"A classic example [of existing problems] is the inability of Polish citizens to ... buy products on iTunes. In the opinion of the Polish presidency liquidating barriers in online trade could - by the year 2020 - generate an extra four percent for the EU's GDP."

The first EU summit on the Polish watch is to take place in Brussels on 14 September. The last one will be in the EU capital on 9 December.

Future of Europe: Nearly half of citizens want reforms

European Parliament president David Sassoli called for the Conference on the Future of Europe "to start as soon as possible". Meanwhile, nearly half of EU citizens would like to see reforms to the bloc.

EU parliament snubs anti-corruption researchers

Transparency International carried out three separate studies on integrity, of the European Parliament, the European Commission, and the Council (representing member states). The European Parliament refused to cooperate.

Cyprus: a heavy caseload for new EU prosecutors office

The new European Public Prosecutor's office will become operational in March. It is tasked to carry out criminal fraud investigations of the EU budget. But of the 140 required European delegated prosecutors, only nine have so far set up office.

Portugal's EU presidency marks return of corporate sponsors

Last year's German EU presidency refused corporate sponsorships. But the new Portuguese presidency has decided they are needed and has signed three contracts. One of them is with one of Europe's largest paper companies, The Navigator Company.

News in Brief

  1. Armenian prime minister denounces 'coup' attempt
  2. UK warns EU against escalating City-of-London battle
  3. Brussels mulls extending data-roaming regime for 10 years
  4. Full list of European firms US forced to ditch Russia pipeline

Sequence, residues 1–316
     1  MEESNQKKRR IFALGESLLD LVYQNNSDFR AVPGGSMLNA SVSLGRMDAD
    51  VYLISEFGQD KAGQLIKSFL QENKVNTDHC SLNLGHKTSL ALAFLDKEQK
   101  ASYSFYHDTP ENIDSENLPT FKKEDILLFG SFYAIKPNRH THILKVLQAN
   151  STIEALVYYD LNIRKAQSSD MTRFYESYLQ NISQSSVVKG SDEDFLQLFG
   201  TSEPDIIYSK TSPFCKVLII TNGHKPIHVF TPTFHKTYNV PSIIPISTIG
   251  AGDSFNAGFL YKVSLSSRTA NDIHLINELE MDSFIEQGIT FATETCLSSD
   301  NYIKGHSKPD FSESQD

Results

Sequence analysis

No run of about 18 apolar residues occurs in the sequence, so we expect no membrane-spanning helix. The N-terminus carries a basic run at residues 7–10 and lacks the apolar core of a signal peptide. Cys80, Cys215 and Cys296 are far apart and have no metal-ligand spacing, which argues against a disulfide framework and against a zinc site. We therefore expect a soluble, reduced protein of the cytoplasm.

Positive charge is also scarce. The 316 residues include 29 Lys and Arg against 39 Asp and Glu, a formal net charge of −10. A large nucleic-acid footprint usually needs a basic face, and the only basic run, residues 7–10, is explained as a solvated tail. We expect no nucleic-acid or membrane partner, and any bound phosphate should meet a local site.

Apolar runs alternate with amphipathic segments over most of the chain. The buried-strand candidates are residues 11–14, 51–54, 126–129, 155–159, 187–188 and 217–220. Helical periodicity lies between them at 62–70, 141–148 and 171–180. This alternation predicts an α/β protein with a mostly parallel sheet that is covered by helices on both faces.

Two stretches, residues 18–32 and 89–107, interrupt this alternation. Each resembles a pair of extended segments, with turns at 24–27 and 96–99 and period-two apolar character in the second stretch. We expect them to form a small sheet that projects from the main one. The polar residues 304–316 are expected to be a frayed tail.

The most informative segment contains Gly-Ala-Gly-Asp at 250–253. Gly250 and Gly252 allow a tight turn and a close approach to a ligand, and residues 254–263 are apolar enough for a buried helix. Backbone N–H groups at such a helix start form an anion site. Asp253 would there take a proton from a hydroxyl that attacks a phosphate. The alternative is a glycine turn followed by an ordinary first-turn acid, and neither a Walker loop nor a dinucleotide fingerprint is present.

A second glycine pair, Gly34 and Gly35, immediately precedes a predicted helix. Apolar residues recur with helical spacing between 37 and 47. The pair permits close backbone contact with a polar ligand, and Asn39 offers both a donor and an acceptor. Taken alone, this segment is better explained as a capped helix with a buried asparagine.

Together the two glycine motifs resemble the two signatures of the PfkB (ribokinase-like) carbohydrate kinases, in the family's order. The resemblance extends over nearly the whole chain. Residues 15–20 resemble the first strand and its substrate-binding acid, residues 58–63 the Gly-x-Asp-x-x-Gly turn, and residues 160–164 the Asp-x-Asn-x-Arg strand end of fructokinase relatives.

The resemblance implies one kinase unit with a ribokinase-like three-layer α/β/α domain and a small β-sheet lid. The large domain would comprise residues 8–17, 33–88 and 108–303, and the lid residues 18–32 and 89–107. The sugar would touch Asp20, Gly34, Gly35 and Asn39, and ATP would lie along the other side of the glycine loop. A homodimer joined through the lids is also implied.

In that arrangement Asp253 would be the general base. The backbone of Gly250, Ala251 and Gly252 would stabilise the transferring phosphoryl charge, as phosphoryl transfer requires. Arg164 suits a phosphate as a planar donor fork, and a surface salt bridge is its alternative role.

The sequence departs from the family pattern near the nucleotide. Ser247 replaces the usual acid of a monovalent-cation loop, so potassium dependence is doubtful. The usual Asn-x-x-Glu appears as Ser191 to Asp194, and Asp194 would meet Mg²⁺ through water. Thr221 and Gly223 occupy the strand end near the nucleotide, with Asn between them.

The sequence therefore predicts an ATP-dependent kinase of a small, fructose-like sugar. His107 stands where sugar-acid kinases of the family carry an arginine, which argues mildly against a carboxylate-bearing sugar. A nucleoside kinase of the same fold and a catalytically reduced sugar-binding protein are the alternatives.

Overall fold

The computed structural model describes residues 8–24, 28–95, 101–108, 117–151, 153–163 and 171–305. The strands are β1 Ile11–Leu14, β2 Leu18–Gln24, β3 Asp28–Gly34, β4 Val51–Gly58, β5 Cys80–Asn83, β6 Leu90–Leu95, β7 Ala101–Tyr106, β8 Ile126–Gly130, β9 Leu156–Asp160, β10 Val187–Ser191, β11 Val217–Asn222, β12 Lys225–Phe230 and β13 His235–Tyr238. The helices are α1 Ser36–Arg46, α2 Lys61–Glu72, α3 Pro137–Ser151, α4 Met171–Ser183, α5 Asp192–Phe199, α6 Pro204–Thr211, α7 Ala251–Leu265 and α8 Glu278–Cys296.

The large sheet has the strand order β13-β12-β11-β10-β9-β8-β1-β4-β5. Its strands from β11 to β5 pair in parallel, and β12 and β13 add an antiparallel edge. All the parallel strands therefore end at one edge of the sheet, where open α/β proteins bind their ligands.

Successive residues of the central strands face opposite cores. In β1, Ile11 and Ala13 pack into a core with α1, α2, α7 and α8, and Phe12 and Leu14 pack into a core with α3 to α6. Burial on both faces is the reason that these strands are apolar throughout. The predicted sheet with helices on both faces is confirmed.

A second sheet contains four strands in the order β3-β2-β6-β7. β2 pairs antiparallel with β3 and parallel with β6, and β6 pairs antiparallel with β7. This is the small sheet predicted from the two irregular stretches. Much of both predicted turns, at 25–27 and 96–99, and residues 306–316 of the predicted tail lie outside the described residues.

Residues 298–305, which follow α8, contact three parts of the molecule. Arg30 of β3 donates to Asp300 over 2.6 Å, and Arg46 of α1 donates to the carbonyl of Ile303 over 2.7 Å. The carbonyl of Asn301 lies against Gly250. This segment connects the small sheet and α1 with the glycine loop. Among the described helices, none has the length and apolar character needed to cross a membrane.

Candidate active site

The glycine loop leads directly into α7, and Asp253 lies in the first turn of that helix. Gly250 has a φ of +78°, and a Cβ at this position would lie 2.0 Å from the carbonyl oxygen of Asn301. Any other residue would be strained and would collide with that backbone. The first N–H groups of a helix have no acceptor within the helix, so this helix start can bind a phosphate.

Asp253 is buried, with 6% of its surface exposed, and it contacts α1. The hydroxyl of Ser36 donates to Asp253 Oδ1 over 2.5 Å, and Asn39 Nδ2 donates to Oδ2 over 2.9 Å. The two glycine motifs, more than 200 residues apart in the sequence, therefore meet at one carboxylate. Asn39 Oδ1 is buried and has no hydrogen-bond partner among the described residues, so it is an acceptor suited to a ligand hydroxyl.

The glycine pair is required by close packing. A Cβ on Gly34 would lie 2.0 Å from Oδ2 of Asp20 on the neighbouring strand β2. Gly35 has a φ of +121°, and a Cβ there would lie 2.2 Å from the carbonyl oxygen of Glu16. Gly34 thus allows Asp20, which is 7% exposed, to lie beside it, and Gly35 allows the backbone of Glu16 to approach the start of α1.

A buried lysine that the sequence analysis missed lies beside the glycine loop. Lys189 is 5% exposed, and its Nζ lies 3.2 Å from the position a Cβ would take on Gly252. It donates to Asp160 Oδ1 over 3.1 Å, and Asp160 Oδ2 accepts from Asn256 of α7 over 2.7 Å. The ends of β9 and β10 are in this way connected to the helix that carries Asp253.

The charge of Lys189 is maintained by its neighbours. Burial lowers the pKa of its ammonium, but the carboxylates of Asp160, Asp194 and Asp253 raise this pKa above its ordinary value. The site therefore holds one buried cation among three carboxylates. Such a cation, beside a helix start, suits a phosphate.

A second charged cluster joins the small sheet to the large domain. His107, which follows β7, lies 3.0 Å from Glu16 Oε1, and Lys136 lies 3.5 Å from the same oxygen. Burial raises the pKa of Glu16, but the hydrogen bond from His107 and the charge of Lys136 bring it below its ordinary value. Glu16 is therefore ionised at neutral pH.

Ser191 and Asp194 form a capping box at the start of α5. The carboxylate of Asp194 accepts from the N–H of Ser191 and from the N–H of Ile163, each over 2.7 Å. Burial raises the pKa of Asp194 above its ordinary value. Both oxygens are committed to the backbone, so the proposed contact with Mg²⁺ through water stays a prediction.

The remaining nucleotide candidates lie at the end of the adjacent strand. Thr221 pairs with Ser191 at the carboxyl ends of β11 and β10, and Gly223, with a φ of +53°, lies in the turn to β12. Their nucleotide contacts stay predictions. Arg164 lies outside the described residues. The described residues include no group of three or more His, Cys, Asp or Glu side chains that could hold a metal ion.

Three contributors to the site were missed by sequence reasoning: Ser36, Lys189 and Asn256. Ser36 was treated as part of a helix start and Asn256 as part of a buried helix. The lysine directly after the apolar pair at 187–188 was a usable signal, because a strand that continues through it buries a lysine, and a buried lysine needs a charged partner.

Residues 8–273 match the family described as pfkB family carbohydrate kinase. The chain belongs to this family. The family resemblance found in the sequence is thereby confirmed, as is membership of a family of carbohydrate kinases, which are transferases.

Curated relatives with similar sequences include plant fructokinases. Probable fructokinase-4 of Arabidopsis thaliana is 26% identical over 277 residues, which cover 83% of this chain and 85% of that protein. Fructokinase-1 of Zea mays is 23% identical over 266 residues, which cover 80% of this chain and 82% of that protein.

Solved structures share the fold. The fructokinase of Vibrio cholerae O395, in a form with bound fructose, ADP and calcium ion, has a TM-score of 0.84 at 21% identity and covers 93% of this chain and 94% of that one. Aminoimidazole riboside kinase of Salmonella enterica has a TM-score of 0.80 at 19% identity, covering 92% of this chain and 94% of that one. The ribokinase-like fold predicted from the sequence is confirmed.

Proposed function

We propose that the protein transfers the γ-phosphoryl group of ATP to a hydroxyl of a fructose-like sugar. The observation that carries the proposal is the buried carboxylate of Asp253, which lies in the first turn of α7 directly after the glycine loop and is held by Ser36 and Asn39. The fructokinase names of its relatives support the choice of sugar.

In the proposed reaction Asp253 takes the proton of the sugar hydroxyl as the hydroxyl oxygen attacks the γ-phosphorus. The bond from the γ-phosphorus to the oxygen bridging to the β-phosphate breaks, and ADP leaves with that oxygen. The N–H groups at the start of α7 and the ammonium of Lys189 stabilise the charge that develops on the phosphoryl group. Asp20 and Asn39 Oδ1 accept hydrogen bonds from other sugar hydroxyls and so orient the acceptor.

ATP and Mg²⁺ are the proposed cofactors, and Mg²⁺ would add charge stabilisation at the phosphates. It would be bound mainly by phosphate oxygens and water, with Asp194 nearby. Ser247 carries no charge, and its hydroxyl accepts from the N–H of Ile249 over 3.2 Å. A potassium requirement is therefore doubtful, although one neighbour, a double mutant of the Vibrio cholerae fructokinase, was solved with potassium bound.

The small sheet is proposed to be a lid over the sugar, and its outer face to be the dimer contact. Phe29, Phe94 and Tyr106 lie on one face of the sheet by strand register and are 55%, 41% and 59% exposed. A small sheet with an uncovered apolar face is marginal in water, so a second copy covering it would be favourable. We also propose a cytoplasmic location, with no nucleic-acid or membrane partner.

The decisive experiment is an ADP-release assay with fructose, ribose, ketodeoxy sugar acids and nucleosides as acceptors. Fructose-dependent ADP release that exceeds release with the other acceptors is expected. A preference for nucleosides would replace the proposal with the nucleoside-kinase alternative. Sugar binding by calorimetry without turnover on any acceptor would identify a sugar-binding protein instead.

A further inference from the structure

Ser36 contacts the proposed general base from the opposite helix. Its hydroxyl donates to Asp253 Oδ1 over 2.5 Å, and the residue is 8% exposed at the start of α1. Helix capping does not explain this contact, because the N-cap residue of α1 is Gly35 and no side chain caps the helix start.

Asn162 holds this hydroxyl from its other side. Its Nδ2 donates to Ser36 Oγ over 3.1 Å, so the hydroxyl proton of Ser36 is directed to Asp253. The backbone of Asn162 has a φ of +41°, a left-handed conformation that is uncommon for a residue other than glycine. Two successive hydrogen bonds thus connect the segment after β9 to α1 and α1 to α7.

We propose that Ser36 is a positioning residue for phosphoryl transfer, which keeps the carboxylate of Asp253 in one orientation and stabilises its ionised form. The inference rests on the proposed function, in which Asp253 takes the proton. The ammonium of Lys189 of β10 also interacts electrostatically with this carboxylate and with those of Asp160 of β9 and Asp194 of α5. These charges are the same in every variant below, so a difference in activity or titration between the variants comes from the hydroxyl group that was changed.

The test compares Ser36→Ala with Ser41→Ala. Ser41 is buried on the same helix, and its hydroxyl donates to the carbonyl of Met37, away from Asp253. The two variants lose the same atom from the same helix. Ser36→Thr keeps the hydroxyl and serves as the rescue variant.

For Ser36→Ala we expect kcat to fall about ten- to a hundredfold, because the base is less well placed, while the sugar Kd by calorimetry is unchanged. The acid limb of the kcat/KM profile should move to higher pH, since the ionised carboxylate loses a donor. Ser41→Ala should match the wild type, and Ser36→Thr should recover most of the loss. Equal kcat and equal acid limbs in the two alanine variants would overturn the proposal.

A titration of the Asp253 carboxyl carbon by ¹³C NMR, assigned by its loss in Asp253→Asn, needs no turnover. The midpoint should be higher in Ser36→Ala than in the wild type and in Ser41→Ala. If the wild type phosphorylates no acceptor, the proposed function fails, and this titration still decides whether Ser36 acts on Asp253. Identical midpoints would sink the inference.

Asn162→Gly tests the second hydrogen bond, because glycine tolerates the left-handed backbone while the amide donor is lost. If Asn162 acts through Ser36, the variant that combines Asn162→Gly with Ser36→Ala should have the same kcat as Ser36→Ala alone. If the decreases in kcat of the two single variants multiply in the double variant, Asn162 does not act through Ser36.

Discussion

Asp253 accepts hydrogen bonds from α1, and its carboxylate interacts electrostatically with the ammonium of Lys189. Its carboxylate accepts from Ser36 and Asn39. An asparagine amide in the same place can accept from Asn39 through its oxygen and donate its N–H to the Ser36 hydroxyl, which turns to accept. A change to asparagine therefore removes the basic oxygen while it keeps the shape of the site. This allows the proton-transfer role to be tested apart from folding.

5. French diplomat calls Johnson 'inveterate liar'
  6. French town's switch to vegetarian meals prompts backlash
  7. Police seize 23 tonnes of cocaine in Europe's biggest haul
  8. WHO Covax programme delivers first vaccines to Ghana

MEPs chide Portugal and Council in EU prosecutor dispute

The Belgian and Bulgarian prosecutors who were appointed had also not been the experts' first choice. Belgian prosecutor Jean-Michel Verelst has challenged the council's decision at the European Court of Justice.

Stakeholders' Highlights

  1. Nordic Council of MinistersNordic Council to host EU webinars on energy, digitalisation and antibiotic resistance
  2. UNESDAEU Code of Conduct can showcase PPPs delivering healthier more sustainable society
  3. CESIKlaus Heeger and Romain Wolff re-elected Secretary General and President of independent trade unions in Europe (CESI)
  4. Nordic Council of MinistersWomen benefit in the digitalised labour market
  5. Nordic Council of MinistersReport: The prevalence of men who use internet forums characterised by misogyny
  6. Nordic Council of MinistersJoin the Nordic climate debate on 17 November!

Latest News

  1. Who are the EU's new Russian deplorables?
  2. Afghan asylum family beaten in Greece, set adrift at sea
  3. EU leaders face Covid-mutations dilemma at summit
  4. EU sets out plan to mitigate 'unavoidable' climate events
  5. Questions for Germany on EU's Russia strategy
  6. Greenland's snap election exposes global mineral demand
  7. Covid-19 certificates back on EU leaders' agenda
  8. Ethiopia war creating new 'refugee crisis', EU envoy warns

Join EUobserver

Support quality EU news

Join us